Department of Mechanical Engineering
Kenneth E. Goodson
Marconnet, A.M., Panzer, M.P., and Goodson, K.E., 2013, "Thermal Conduction Phenomena in Carbon Nanotubes and Related Nanostructured Materials," Reviews of Modern Physics, Vol. 85, pp. 1296-1327.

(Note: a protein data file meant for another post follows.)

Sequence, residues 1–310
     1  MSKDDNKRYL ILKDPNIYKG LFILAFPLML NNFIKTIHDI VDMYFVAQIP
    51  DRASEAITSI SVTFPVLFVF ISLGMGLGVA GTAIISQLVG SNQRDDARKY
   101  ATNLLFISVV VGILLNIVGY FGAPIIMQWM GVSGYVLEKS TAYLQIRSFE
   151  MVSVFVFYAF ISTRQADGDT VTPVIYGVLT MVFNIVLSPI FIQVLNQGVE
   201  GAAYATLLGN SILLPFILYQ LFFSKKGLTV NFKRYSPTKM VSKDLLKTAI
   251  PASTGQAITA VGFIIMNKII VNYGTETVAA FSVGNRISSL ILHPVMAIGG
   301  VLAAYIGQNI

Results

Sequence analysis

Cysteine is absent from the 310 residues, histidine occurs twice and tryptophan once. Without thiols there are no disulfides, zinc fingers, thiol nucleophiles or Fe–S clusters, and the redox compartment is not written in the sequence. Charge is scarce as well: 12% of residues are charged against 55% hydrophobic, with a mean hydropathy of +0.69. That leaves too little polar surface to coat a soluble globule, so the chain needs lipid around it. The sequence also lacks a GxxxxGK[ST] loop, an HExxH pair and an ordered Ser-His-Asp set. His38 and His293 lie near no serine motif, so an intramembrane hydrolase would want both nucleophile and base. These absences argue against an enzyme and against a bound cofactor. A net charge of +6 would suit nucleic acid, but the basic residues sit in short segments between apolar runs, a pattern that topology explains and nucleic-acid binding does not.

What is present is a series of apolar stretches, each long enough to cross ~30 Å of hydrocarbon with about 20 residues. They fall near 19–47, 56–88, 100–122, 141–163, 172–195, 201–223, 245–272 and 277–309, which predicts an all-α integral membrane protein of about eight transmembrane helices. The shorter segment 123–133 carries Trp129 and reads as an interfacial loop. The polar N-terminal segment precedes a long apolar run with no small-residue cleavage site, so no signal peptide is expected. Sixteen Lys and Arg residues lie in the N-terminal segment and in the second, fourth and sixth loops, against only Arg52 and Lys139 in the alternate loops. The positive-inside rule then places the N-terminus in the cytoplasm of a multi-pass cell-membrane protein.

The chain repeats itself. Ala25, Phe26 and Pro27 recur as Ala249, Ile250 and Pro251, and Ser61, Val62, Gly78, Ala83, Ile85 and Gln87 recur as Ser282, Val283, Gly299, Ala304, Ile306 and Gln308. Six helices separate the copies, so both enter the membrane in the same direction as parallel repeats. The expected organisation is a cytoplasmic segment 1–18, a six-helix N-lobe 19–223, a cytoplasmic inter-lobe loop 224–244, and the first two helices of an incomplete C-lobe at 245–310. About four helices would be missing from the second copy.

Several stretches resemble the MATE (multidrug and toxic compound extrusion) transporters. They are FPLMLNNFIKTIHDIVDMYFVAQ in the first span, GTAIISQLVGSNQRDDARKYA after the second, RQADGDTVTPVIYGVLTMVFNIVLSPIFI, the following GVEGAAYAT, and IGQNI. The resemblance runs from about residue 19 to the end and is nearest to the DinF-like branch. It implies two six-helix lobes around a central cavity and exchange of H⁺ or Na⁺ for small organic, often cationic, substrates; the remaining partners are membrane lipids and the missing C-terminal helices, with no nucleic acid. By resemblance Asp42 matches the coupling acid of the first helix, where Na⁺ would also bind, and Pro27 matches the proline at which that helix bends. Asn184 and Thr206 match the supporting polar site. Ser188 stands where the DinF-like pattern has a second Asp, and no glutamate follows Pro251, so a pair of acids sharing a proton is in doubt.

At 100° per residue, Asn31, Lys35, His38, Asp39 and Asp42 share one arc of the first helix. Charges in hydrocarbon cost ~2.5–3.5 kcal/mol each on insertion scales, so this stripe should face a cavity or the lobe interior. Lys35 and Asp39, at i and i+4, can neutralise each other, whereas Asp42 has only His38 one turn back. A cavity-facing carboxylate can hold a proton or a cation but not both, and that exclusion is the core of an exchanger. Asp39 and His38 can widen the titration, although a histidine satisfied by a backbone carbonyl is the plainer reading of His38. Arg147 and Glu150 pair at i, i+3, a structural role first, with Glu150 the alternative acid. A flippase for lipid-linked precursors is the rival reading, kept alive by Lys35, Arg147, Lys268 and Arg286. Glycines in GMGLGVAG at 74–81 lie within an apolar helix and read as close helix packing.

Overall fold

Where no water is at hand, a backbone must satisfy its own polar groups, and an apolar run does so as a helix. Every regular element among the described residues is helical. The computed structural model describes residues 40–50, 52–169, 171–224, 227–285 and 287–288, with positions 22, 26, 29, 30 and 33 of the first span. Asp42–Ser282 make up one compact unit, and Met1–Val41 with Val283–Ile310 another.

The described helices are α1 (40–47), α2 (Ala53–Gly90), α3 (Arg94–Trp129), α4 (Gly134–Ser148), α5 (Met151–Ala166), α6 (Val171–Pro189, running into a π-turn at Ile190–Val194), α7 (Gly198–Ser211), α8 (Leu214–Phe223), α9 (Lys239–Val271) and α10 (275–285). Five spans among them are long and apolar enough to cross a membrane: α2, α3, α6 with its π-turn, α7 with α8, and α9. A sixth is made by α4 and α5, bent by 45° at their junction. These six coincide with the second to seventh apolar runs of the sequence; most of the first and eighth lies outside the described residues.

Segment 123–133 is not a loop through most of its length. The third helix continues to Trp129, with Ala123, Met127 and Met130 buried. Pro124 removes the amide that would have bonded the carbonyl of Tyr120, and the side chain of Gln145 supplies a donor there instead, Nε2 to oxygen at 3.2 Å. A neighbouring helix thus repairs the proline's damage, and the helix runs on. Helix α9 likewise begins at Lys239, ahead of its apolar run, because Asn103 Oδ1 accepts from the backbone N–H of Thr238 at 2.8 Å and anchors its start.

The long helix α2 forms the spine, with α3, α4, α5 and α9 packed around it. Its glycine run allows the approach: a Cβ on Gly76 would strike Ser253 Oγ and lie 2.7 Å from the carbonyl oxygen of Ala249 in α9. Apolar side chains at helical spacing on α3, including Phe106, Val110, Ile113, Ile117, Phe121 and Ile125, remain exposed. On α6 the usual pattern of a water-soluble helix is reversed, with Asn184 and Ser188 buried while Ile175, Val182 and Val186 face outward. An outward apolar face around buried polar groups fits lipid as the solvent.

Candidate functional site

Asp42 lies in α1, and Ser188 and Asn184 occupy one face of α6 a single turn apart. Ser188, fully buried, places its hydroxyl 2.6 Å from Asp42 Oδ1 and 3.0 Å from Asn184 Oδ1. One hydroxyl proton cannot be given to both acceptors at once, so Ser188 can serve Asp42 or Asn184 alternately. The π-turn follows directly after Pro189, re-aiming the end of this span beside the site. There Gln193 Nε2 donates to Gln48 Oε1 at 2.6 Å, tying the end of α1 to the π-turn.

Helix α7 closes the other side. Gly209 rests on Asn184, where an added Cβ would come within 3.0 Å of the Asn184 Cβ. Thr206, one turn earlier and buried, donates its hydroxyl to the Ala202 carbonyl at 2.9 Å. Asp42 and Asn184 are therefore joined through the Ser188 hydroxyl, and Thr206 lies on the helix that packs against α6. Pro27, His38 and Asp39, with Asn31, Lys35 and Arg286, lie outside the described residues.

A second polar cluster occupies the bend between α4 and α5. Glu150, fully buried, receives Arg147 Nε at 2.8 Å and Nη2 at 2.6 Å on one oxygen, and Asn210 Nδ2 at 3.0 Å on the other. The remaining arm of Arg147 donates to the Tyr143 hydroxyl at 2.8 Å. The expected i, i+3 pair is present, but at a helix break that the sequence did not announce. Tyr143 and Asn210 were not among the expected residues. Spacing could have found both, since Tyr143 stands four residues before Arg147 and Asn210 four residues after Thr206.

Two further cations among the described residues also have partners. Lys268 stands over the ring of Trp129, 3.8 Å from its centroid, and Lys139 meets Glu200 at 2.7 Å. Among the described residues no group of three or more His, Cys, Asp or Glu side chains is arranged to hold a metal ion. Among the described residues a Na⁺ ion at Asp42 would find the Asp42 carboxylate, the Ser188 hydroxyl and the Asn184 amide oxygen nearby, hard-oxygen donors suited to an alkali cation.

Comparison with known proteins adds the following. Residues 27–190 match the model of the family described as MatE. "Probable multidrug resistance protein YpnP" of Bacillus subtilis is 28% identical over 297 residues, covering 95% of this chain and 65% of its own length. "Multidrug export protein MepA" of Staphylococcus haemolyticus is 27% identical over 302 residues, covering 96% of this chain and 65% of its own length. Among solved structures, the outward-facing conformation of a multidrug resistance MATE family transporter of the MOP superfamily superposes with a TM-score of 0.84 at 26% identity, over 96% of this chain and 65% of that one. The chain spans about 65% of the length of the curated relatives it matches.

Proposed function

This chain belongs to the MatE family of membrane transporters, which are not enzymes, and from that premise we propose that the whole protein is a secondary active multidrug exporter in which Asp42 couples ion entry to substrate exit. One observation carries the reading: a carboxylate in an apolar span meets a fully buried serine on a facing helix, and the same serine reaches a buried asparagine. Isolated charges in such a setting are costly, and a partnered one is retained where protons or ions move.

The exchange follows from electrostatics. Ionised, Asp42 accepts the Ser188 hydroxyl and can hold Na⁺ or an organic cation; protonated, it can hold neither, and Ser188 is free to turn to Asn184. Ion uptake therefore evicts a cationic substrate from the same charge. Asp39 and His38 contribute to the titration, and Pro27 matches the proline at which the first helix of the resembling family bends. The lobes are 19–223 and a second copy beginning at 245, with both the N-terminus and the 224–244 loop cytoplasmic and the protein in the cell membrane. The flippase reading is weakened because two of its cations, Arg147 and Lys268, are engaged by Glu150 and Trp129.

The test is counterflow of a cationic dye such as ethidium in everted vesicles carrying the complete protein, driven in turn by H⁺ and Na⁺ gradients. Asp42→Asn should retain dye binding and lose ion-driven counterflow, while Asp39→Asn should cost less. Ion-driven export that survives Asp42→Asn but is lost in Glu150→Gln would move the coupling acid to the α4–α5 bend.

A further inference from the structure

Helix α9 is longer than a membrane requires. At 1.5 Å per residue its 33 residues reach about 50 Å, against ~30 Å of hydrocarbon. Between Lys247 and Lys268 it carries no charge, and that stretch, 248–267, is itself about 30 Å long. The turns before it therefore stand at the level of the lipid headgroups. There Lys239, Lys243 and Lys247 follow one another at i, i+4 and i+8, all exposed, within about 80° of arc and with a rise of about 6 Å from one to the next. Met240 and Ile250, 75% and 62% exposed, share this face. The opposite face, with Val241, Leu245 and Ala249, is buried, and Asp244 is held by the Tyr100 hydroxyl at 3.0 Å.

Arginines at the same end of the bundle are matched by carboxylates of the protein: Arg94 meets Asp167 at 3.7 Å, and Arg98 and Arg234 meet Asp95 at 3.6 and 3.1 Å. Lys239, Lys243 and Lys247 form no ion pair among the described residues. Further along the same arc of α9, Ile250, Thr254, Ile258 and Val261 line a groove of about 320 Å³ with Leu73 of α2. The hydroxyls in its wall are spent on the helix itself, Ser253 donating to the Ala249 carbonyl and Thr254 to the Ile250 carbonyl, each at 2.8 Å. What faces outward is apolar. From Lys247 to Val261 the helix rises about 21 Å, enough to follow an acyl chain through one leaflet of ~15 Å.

The extremely high thermal conductivities of carbon nanotubes have motivated a wealth of research. Progress includes innovative conduction metrology based on microfabricated platforms and scanning thermal probes as well as simulations exploring phonon dispersion and scattering using both transport theory and molecular dynamics. This article highlights these advancements as part of a detailed review of heat conduction research on both individual carbon nanotubes and nanostructured films consisting of arrays of nanotubes or disordered nanotube mats. Nanotube length, diameter, and chirality strongly influence the thermal conductivities of individual nanotubes and the transition from primarily diffusive to ballistic heat transport with decreasing temperature. A key experimental challenge, for both individual nanotubes and aligned films, is the separation of intrinsic and contact resistances. Molecular dynamics simulations have studied the impacts of specific types of imperfections on the nanotube conductance and its variation with length and chirality. While the properties of aligned films fall short of predictions based on individual nanotube data, improvements in surface engagement and postfabrication nanotube quality are promising for a variety of applications including mechanically compliant thermal contacts.